|1. NAME OF THE
AND QUANTITATIVE COMPOSITION
Hormone replacement therapy (HRT) for treatment of atrophic
vaginitis (due to estrogen deficiency) in peri- and post-menopausal
As pre-surgery therapy for vaginal operations and during
and method of administration
Ovestin Cream is an estrogen-only product for intravaginal
One applicator-dose (applicator filled to the red mark) is
0.5g Ovestin Cream containing 0.5 mg estriol.
• Treatment of atrophic vaginitis
For initiation and continuation of treatment of
postmenopausal symptoms, the lowest effective dose for the shortest
duration (see also section 4.4) should be used.
The usual dose for atrophic vaginitis associated with the
menopause is one applicator-dose per day for 2 to 3 weeks.
As maintenance dosage, one applicator-dose twice a week is
Medication should be discontinued every 2 to 3 months for a
period of 4 weeks to assess the necessity for further treatment.
• Pre-surgery therapy
One applicator-dose per day should begin 2 weeks before the
• Post-surgery therapy
Following surgery a period of at least 2 weeks should be
allowed before resuming therapy using one applicator-dose twice a
In women not taking HRT or women who switch from another
continuous combined HRT product, treatment with Ovestin Cream may be
started on any day. Women who switch from cyclic HRT regimen should
start Ovestin Cream treatment one week after completion of the
Ovestin Cream is administered intravaginally by means of a
The following 'Instructions for Use' should be given to the
patient and are included in the Patient Information Leaflet:
How to Apply the
Use the applicator to apply the cream in the vagina. It is a
good idea to do this before going to bed.
1. Remove cap from the tube, invert it, and use the sharp
point to open the tube.
2. Screw the end of the applicator onto the tube.
3. Squeeze tube to fill the applicator with the cream until
the plunger stops (at the ring mark).
4. Unscrew applicator from tube and replace cap on tube.
5. To apply the cream, lie down, insert the end of the
applicator deep into the vagina and slowly push plunger all the way
After use, pull the plunger out of the barrel. Wash the
plunger and barrel in hand hot, soapy water. Do not use detergents.
Rinse well with clean water afterwards.
DO NOT PUT THE APPLICATOR IN BOILING WATER.
A missed dose should be administered as soon as remembered,
unless it is more than 12 hours overdue. In the latter case the
missed dose should be skipped and the next dose should be
administered at the normal time. Two doses should never be
administered on the same day.
Cyclic administration of a progestagen to prevent endometrial
stimulation is not necessary provided the daily dose does not exceed
1 applicator-dose (0.5mg estriol) and this maximum dose is not used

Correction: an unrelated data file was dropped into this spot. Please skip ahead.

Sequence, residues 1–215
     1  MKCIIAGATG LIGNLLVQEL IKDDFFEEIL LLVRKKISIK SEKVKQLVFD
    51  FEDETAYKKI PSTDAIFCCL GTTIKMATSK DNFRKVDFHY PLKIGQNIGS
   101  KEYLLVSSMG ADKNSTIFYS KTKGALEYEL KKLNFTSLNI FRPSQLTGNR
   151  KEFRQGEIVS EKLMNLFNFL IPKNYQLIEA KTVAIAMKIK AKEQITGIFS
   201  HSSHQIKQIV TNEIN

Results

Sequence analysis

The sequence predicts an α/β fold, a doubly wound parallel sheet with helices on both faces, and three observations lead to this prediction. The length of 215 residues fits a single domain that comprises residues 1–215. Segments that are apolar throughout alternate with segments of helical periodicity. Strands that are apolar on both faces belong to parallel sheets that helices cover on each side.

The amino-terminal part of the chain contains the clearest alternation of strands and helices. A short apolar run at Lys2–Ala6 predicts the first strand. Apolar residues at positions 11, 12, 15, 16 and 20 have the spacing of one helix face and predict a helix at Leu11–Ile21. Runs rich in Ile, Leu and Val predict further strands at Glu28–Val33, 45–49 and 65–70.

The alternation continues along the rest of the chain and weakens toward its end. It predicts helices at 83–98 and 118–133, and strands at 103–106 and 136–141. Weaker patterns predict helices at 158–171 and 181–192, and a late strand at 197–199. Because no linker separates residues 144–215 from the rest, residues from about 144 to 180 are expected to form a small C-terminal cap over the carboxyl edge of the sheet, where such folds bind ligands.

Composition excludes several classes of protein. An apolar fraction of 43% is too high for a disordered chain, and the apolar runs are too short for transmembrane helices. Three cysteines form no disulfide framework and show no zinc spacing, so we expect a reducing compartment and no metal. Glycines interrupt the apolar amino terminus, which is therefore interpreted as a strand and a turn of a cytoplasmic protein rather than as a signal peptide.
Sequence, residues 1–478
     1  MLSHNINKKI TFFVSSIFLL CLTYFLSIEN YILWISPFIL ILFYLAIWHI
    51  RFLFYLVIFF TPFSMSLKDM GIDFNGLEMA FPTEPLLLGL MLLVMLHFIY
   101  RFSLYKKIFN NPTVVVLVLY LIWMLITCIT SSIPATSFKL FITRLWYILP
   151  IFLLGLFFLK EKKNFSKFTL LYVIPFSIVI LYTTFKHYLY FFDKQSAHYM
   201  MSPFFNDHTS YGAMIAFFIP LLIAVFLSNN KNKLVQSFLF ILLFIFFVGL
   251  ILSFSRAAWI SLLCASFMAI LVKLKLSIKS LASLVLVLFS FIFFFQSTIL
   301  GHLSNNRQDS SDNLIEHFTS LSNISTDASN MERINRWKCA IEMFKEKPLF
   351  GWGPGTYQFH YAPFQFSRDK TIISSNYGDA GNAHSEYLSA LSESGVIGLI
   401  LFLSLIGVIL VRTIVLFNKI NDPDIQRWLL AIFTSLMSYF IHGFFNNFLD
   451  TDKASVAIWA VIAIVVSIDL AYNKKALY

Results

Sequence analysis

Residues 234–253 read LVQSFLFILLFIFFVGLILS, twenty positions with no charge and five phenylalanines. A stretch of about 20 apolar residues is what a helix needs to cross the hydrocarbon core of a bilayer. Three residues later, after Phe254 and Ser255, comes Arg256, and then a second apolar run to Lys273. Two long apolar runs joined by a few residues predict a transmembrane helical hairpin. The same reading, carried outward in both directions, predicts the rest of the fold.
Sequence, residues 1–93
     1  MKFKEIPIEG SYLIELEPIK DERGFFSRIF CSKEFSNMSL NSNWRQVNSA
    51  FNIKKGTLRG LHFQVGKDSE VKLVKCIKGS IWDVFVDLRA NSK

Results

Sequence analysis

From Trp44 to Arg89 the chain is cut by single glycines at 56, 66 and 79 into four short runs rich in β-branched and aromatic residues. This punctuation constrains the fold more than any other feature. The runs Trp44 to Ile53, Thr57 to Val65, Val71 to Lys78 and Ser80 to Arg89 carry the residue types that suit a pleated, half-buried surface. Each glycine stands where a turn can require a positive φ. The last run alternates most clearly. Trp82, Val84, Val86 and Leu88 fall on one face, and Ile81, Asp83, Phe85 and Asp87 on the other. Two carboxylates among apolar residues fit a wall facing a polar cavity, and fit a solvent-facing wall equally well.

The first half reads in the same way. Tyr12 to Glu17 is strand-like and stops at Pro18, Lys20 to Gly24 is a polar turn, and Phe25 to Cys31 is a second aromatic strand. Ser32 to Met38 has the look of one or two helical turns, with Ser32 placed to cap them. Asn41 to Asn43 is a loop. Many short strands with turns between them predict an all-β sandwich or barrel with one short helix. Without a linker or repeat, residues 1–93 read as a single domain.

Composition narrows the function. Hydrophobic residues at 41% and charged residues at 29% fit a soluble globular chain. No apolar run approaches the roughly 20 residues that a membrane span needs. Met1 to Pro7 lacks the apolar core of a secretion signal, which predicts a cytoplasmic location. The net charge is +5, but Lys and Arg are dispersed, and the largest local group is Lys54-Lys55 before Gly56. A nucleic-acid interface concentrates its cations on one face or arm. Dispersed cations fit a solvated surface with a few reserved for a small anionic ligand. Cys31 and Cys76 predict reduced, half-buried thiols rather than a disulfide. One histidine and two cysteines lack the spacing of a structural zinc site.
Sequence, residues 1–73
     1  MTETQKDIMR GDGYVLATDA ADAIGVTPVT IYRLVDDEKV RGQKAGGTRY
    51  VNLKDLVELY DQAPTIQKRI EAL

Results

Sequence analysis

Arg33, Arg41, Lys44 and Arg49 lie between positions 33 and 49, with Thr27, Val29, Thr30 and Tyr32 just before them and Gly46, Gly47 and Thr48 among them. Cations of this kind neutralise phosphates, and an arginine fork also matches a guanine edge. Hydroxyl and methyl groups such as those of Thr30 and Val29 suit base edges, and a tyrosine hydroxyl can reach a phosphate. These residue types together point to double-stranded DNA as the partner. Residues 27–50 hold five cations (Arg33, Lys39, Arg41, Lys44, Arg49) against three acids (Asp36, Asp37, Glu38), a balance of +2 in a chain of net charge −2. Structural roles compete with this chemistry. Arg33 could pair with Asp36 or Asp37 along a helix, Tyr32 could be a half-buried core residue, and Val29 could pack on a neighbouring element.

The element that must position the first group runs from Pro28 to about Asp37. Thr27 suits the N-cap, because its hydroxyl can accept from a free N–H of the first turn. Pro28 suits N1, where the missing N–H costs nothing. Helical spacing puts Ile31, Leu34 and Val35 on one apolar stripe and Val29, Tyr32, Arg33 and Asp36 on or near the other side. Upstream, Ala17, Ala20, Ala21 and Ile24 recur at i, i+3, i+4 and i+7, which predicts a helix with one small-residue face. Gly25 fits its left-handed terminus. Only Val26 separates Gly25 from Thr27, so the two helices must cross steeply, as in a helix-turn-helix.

for more than several weeks (see section 4.4 Endometrial
There are no clinical trials to support the use in children.
- Known, past or suspected breast cancer;
- Known or suspected estrogen-dependent malignant tumours
(e.g endometrial cancer);
- Undiagnosed genital bleeding;
- Untreated endometrial hyperplasia;
- Previous idiopathic or current venous thromboembolism (deep
venous thrombosis, pulmonary embolism);
- Active or recent arterial thromboembolic disease (e.g.
angina, myocardial infarction);
- Acute liver disease, or a history of liver disease as long
as liver function tests have failed to return to normal;
- Known hypersensitivity to the active substances or to any
of the excipients;
warnings and special precautions for use
For the treatment of postmenopausal symptoms, HRT should only
be initiated for symptoms that adversely affect quality of life. In
all cases, a careful appraisal of the risks and benefits should be
undertaken at least annually and HRT should only be continued as
long as the benefit outweighs the risk.
Before initiating or reinstituting HRT, a complete personal
and family medical history should be taken. Physical (including
pelvic and breast) examination should be guided by this and by the
contraindications and warnings for use. During treatment, periodic
check-ups are recommended of a frequency and nature adapted to the
individual woman. Women should be advised what changes in their
breasts should be reported to their doctor or nurse. Investigations,
including mammography, should be carried out in accordance with
currently accepted screening practices, modified to the clinical
needs of the individual.
In case of vaginal infections, these should be treated before
therapy with Ovestin Cream is started.
Conditions which need
If any of the following conditions are present, have occurred
previously, and/or have been aggravated during pregnancy or previous
hormone treatment, the patient should be closely supervised. It
should be taken into account that these conditions may recur or be
aggravated during treatment with Ovestin Cream, in particular:
- Leiomyoma (uterine fibroids) or endometriosis
- A history of, or risk factors for, thromboembolic disorders
- Risk factors for estrogen dependent tumours, e.g. 1st
degree heredity for breast cancer
- Liver disorders (e.g. liver adenoma)
- Diabetes mellitus with or without vascular involvement
- Migraine or (severe) headache
- Systemic lupus erythematosus.